Undersea Landscape
Danielle Strle via Creative Commons

No matter how long Huang stayed above the waves, he could not get used to the sharpness of everything. Below, the infinite blue blanketed the smooth, living edges of every surface. Even debris that came from above quickly had its sharpness coated with comforting moss and rounding lichen.

Up here, it was all angles and hardness: concrete upon glass upon jagged metal forged into squares and boxes. They stacked them and lined them in rows, lacking any serenity of open space or collective clustering. Huang kept his eyes down in the city. He’d asked for this life, begged the whalelord to grant his wish. If only he’d anticipated how grotesque he would find the deliberate order these air-breathers insisted upon.

The reflective cliffs looming over the street crowded him. The sun burned his flesh. He missed the colors of his kin, even the dull grays of slick-skinned murkers would be preferable to the ceaseless shades of brown and pink, masked by skins from other creatures, draped by plants processed into more order and shapes.

It was repulsive and Huang lived in regret. He tried to fight another shudder, and turned his eyes down, dreaming again of the sea.

Eric Smith via Creative Commons

Eight years with Jamie began to feel like a relationship with a child’s talking doll, just a series of catchphrases repeated regardless of context or appropriateness. Priscilla thought she might have a clean getaway, but she couldn’t find her cat or her keys and the latch on her suitcase refused to snap. Jamie came home early, saw the pile of belongings.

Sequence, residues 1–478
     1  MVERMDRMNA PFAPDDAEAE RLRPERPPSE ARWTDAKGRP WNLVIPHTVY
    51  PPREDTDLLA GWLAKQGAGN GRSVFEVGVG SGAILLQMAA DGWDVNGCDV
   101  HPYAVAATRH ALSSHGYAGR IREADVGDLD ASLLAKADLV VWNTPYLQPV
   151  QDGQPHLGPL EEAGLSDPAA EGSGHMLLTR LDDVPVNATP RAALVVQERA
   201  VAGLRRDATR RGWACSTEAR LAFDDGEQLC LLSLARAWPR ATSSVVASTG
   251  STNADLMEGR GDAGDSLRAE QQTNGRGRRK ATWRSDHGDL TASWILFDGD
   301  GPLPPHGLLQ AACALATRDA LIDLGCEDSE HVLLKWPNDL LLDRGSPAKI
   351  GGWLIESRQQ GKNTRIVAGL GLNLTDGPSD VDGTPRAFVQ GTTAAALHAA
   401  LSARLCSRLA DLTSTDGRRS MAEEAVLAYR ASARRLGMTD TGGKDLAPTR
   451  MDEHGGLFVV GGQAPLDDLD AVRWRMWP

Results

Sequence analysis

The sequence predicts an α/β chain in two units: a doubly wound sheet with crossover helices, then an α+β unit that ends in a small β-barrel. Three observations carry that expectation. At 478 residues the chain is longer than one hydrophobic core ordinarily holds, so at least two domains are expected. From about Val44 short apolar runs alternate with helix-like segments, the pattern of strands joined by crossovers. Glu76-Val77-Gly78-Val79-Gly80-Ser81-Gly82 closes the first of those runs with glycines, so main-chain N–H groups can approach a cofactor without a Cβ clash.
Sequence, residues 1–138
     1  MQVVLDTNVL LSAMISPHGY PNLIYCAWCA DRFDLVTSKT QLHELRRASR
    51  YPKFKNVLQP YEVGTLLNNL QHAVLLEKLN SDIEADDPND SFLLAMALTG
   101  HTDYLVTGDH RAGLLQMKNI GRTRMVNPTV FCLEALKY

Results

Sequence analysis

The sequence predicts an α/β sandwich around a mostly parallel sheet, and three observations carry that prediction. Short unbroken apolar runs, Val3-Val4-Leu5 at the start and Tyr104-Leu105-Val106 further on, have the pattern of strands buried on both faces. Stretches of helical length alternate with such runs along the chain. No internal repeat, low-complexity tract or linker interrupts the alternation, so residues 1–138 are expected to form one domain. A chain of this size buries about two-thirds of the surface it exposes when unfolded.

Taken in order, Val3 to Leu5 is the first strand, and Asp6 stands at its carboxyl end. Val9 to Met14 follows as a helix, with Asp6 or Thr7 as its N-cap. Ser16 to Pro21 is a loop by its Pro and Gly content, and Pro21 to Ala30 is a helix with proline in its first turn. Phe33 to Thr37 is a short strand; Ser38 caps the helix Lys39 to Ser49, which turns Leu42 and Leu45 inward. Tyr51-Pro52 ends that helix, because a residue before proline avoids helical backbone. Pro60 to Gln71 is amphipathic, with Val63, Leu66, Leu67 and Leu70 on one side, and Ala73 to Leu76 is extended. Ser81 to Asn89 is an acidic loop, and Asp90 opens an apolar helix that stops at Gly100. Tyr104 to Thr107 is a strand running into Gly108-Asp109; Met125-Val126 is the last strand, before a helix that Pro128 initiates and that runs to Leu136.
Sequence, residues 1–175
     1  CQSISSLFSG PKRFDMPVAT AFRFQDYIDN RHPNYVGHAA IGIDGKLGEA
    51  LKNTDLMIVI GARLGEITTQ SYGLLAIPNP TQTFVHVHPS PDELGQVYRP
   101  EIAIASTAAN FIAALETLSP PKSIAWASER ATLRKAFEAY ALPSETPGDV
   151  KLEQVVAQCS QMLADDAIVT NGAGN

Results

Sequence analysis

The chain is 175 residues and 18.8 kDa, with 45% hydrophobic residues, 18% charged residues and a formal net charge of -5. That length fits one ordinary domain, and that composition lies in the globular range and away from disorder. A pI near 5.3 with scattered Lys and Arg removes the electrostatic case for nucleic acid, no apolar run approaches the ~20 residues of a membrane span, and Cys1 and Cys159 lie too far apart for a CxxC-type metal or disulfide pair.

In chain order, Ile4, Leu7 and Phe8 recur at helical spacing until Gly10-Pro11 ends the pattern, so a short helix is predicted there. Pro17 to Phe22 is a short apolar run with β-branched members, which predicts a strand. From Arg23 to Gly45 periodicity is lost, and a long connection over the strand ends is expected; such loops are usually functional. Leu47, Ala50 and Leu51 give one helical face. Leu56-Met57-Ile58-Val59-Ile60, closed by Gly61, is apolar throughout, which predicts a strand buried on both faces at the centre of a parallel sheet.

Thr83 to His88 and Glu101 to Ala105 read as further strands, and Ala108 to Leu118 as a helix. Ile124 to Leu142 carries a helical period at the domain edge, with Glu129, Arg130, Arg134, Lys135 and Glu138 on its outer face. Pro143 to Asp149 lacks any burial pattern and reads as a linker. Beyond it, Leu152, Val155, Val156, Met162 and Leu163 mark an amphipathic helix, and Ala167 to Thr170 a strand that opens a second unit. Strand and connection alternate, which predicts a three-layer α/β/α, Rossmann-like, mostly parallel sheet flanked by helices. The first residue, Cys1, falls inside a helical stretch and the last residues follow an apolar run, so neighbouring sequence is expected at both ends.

“You’re leaving.” Jamie made it into a half question.


“Do I get to ask why?” Catchphrase. “Did I miss something?” Catchphrase.

Priscilla picked at a fingernail. “I don’t want to hurt you.”

“Little late for that.” Those green eyes looked flat, painted on.

“You weren’t supposed to see.”

“I think I’d have figured it out.” Jamie stood. “I don’t get it. Didn’t I give you everything? Everything you wanted?” Catchphrase. The catchphrase. An arm reached for Priscilla, “Cil—“

“No!” she withdrew. “Not everything! Of all the times you asked me that, did you ever bother to find out from me what I wanted? You gave me everything you thought I wanted.” Tears fell.

There was a pause. “That’s not the same thing, is it?” Jamie asked.


Jamie said, at last, the phrase Priscilla had waited to hear.

Donald Townsend via Creative Commons

Ah, there you are. Come on, sit down. Sure, anywhere is fine. Shoo the cat if you need to; that’s it, just move that stack of papers. Not sure why I hang on to all that old stuff anyway. Pardon the dust, we don’t get many visitors here. Tea? Biscuit? Water? No?

Now. Then. Let’s see it.

Mercy, where are my manners? Forgive me, I’ve waited so long… Please.

Oop! Careful there. Yes. Unwrap it slowly. I know it feels solid and sturdy, but it’s surprisingly delicate.


Oh, there I go. I’m dreadfully sorry. I—

For heaven’s sake, I’m such a mess. Excuse me, it’s just a handkerchief I need, please give me a moment.